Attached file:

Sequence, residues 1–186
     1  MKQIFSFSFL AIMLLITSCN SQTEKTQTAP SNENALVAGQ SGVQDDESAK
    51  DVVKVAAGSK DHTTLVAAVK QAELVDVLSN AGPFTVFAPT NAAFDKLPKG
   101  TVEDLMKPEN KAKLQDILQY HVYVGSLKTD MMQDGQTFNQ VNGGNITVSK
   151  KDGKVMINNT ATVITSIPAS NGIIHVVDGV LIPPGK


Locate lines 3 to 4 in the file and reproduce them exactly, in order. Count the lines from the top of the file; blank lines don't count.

    51  DVVKVAAGSK DHTTLVAAVK QAELVDVLSN AGPFTVFAPT NAAFDKLPKG
   101  TVEDLMKPEN KAKLQDILQY HVYVGSLKTD MMQDGQTFNQ VNGGNITVSK